No matter what kind of luck you have or where you believe it came from, the concept of luck continues to elude us regardless of our origin, race, religion, gender or the country we call home. Legendary musicians have attempted to answer all the questions we have about luck. Luck has been one of the most popular topics of songwriters and musicians for generations. Here are the top 50 songs about luck: songs about good luck, bad luck, luck with love, superstitious luck, fortune telling luck, and luck of the Irish. Enjoy and GOOD LUCK!

Top 50 Songs About Luck

Good Luck, Bad Luck – Lynyrd Skynyrd

Viva Las Vegas – ZZ Top

Love and Luck – Jimmy Buffett

The Luck of the Irish – John Lennon

I’m Looking Over a Four Leaf Clover – Art Mooney

Touch A Four Leaf Clover – Atlantic Starr

Lucky Man – Emerson, Lake & Palmer

My Lucky Day – Bruce Springsteen

Fortune Teller – Robert Plant and Alison Krauss

Bad Luck Soul – B.B. King

Lucky – Radiohead

Lucky Lips – Ruth Brown

Luck Be A Lady Tonight – Frank Sinatra

Hard Luck Stories – Neil Young

With A Little Luck – Paul McCartney & Wings

Superstition – Stevie Wonder

Lucky Lucky Me – Marvin Gaye

Some Guys Have All the Luck – Rod Stewart

Lucky Ones – Loverboy

Lucky Guy – Todd Rundgren

If I’m Lucky – Zoot Sims

I Feel Lucky – Mary Chapin Carpenter

Lady Luck Blues – Bessie Smith

Luck In My Eyes – k.d. Lang

The Lucky One – Faith Hill

Good Run of Bad Luck – Clint Black

Old Mr. Bad Luck – Earl King

Lucky – Britney Spears

The Luckiest – Ben Folds

I Got Lucky – Elvis Presley

You Are My Lucky Star – Petula Clarke

Lucky Me – Chiffons

Good Luck – Mirsa

We Are the Lucky Ones – Charmed

Down on Your Luck – Thin Lizzy

Sister Luck – The Black Crowes

Lucky You – Lightning Seeds

Lucky – Jason Mraz

Trying Your Luck – The Strokes

Good Luck Charm – Jagged Edge

Lucky Star – Madonna

Lucky Song – Dean Martin

I Should Be So Lucky – Kylie Miogue

Lucky Ladybug – The 4 Seasons

Piece of My Luck – Sam Brown

Lucky Number – Lene Lovich

If I Get Lucky – Arthur Crudup

The Luck of the Draw – Pete Atkin

I’m A Bad Luck Woman – Memphis Minnie

Lucky One – Alison Krauss

via Top 50 Songs About Luck – Yahoo! Voices –

Why Marriage Is Good for Your Health — Until You Get Sick |

It’s supposed to last through sickness and in health, but it turns out that it’s a better idea to get married because you love someone, not because you think it’s going to keep you healthy for the long haul.That’s the message from a study published this month in the Journal of Health and Social Behavior, which contradicts previous research that extolled the health benefits of partnership. It turns out that marriage is all well and good — until a person’s health starts declining.While studies of married and single people show that healthy unmarried people are far likelier to die than healthy married people during the 20-year research period, the numbers equal out when both married and unmarried people report poor health. “Marriage is more protective for healthy people,” says lead author Hui Zheng, an assistant professor of sociology at Ohio State University.In the study, researchers tracked 789,000 people who participated in the National Health Interview Survey from 1986 to 2004. Participants were asked to rate their health from excellent to poor. Follow-up data allowed Zheng and Patricia Thomas, a postdoctoral fellow at the University of Texas at Austin, to determine that 24,100 participants died between 1986 and 2006.When they reported excellent health, unmarried people in the study were on average 75% more likely to have died than married people. More specifically, separated folks were 58% more likely to die during these studies, divorced people were 62% more likely and widowed people were 93% more likely to kick the bucket compared to married people.Marriage, then, can be a boon for a health. “It encourages people to maintain good health behaviors and have good social support and a sense of purpose in life,” says Zheng.But while “marriage is good for health, … its protective effect declines as people’s health declines,” says Zheng. Unmarried people who reported fair as opposed to excellent, very good, good or poor health were 40% more likely to die than similar married people in the study. That breaks down to a 39% greater risk of dying for those who were separated, a 31% higher risk for divorced people and 20% higher risk of dying for widowed people compared to those who were married.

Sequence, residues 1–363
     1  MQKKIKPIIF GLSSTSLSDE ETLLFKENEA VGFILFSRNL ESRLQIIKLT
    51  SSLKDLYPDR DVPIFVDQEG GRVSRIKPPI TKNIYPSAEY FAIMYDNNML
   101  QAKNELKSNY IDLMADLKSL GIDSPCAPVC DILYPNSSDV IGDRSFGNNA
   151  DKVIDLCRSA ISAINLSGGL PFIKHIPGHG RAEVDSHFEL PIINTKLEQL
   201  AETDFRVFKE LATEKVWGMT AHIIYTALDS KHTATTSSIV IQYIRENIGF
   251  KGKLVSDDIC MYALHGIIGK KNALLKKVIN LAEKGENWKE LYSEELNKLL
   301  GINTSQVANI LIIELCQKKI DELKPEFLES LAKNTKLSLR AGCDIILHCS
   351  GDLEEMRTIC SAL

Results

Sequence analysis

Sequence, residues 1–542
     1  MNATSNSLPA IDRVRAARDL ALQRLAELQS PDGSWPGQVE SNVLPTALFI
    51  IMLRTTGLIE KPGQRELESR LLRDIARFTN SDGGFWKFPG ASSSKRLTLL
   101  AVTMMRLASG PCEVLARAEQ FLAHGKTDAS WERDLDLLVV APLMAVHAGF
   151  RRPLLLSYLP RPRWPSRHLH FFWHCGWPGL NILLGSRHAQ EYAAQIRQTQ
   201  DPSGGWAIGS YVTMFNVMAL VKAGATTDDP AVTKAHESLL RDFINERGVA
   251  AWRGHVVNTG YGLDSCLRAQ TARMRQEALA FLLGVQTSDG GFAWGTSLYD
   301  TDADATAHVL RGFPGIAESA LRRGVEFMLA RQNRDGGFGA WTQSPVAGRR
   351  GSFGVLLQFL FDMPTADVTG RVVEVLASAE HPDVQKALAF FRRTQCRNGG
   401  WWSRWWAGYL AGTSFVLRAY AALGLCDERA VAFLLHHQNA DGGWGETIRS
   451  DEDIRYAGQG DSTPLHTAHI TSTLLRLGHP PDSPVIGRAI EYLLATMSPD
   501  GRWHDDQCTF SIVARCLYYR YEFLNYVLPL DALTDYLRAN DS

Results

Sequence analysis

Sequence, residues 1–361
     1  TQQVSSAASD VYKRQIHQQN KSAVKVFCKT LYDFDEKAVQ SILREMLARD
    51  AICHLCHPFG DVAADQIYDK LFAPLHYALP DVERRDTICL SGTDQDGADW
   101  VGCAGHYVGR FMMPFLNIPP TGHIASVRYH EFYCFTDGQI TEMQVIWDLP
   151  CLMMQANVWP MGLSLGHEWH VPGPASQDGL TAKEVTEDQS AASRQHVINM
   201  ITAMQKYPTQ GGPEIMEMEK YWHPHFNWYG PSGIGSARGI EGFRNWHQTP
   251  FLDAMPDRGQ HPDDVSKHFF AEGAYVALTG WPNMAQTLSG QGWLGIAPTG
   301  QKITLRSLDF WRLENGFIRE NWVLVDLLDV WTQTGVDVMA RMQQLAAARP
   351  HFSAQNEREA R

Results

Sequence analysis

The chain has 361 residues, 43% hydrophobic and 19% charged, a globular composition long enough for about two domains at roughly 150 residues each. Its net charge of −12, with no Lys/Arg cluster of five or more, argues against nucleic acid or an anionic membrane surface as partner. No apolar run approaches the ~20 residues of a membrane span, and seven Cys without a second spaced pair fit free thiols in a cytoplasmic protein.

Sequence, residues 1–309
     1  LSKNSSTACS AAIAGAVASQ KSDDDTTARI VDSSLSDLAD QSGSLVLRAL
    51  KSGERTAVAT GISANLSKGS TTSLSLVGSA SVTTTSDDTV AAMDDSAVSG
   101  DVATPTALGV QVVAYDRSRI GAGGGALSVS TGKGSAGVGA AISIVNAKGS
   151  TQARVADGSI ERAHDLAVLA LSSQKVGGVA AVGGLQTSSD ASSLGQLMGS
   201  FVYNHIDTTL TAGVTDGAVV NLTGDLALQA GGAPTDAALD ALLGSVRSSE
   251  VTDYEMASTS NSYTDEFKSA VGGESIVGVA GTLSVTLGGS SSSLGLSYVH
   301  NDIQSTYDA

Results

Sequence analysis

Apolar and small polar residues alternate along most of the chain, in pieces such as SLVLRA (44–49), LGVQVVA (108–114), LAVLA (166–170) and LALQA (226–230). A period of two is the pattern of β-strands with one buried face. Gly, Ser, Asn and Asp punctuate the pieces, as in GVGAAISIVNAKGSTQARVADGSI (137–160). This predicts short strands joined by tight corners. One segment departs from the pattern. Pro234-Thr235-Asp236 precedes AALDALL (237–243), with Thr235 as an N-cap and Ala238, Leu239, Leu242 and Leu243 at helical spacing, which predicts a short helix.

via Why Marriage Is Good for Your Health — Until You Get Sick |

John Chambers Says Cisco Must Lean In on Women in the Workplace Issue – Kara Swisher – Enterprise – AllThingsD

As most of the free world knows by now — from the ubiquitous media coverage that Facebook COO Sheryl Sandberg and her new book, “Lean In: Women, Work, and the Will to Lead,” has gotten of late — there are some nagging issues of women in the workplace.

That was also underscored by the huge debate that arose over Yahoo CEO Marissa Mayer’s new rule for the Silicon Valley Internet giant that eliminated work-from-home employees.

Now, Cisco CEO John Chambers is weighing in, after a meeting with Sandberg last week, ordering each of his top managers to come up with new women-focused initiatives and put them into their development plans.

More interestingly, in an internal email I obtained, he also noted that his own leadership in the area had been lacking.

“While I have always considered myself sensitive to and effective on gender issues in the workplace, my eyes were opened in new ways and I feel a renewed sense of urgency to make the progress we haven’t made in the last decade,” wrote Chambers.

He pointed out that only one-fourth of the networking giant’s employees and top execs are women, and only 20 percent out of one million networking academy students are women. Currently, Cisco’s highest-ranking woman is Padmasree Warrior, its CTO and strategy officer, and it has three women board members.

Still, wrote Chambers:

“After reading Lean In and listening to Sheryl, I realize that, while I believe I am relatively enlightened, I have not consistently walked the talk … What we have been doing hasn’t worked, and it is time to adjust.”

via John Chambers Says Cisco Must Lean In on Women in the Workplace Issue – Kara Swisher – Enterprise – AllThingsD.